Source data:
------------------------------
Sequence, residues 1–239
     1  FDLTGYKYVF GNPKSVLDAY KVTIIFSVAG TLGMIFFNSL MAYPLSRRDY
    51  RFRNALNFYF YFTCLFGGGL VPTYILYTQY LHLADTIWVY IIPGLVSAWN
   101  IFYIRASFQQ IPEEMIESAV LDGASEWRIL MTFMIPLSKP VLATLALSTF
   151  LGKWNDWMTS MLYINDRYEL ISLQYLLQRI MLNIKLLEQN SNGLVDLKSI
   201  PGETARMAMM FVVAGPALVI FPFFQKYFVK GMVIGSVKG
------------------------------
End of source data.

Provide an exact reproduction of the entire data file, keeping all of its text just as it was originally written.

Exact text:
Sequence, residues 1–239
     1  FDLTGYKYVF GNPKSVLDAY KVTIIFSVAG TLGMIFFNSL MAYPLSRRDY
    51  RFRNALNFYF YFTCLFGGGL VPTYILYTQY LHLADTIWVY IIPGLVSAWN
   101  IFYIRASFQQ IPEEMIESAV LDGASEWRIL MTFMIPLSKP VLATLALSTF
   151  LGKWNDWMTS MLYINDRYEL ISLQYLLQRI MLNIKLLEQN SNGLVDLKSI
   201  PGETARMAMM FVVAGPALVI FPFFQKYFVK GMVIGSVKG